The police raid at Alhambra Apartments netted a big fish two weeks before Christmas in 1919. The suite in question belonged to Caesar “Chester” LaMare, an affiliate of the breakaway Vitale gang that made their money bootlegging liquor.
LaMare and four other hoods had held up the Rosenbaum brothers’ jewelry store at 1093 Chene St., carrying away treasures worth $6,000. One of the brothers, Max Rosenbaum, fingered LaMare, and the loot was recovered.
It wasn’t the sort of cordial congratulations on surviving five years in business that one might hope for. Fleeing pogroms in Poland, the Rosembaum family had come to America in 1911, and Max and Sam had their first store in 1914. The writer and photographer Eric Hergenreder establishes on eherg.com that it was called Fredro Jewelry Store. A second location opened nearby, and in 1927 the two points consolidated in a new Max’s Jewelry location at 5553 Chene St., near East Palmer Street.
“The building featured a large marquee with ‘Max’s’ sprawling down the sides and two clocks facing each way down the street,” Hergenreder writes. Rosenbaum likely walked to work; a 1921 city directory lists 5313 Chene St. as his address.
The same directory shows just how tough and competitive the jewelry business was, with scores of retailers operating throughout the city, from ABC Novelty Co. to William F. Zorno, who in 1919 was accepted as a new member of the national Jewelers’ Security Alliance. One notable jeweler was Wright, Kay & Co., which operated in the Wright-Kay Building at 1500 Woodward Ave.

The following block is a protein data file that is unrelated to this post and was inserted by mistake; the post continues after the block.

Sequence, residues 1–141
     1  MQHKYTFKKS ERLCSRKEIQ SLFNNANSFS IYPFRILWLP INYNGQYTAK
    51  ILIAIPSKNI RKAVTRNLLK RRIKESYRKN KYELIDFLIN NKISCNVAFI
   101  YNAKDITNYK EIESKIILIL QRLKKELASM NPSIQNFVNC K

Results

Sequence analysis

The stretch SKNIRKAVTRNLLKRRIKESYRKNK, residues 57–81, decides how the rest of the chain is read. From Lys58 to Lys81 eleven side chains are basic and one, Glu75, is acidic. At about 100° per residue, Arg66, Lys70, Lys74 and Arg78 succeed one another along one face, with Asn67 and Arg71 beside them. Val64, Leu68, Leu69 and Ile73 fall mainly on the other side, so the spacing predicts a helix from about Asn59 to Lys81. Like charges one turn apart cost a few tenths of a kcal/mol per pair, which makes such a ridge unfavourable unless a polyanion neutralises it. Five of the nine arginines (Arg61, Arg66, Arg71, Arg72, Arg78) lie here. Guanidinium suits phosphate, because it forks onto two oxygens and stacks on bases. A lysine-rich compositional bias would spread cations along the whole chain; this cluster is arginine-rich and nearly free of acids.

Around 1940, Sam Rosenbaum stayed on Chene Street while Max opened a new store that he ran himself on Joseph Campau Avenue in Hamtramck. As always, he operated the premises with scrupulous honesty and a community flavor, helping send poor kids to camp and raising funds for the Hamtramck Public Library, which was completed in 1956. “Rosenbaum and his store epitomized what was best about the shopping district,” Greg Kowalski wrote in “Legendary Locals of Hamtramck, Michigan.” “Along with jewelry, Max had a camera and photo department, tape recording equipment, a complete optical and watch repair service, and a large gift department in the basement.”
In this same period, a third brother, Harry, ran another Max’s location at 4771 Michigan Ave. Max continued minding the Hamtramck store until his death in 1980. After Sam retired, his son, Charles, took over at Chene Street. Charles had grown up selling jewelry, belonged to the Chene Business Association, and felt deep connections to the neighborhood.
“Next to his family, the store was the love of my dad’s life,” Linda Rosenbaum wrote of Charles in a 2014 memoir. “He worked hard, never got rich, never intended to. He doted on his customers, mainly Polish, Black, Italian.” The riots of 1967 led to heartbreak, however, as intruders emptied display cases. “My father saw young men he knew break his windows, reach in and take loot, set his store on fire,” Linda wrote.
Charles Rosenbaum closed the Chene Street store in 1974 and moved to Warren, operating a jewlery store for a few years until retiring. Max’s in Hamtramck stayed open until 1994.
But that wasn’t the end of the Rosenbaums’ story. Their spirit lives today in suburban Minneapolis, where Max’s granddaughter, Ellen Hertz, runs her own jewelry, gifts, and chocolates shop. It’s called, fittingly, Max’s.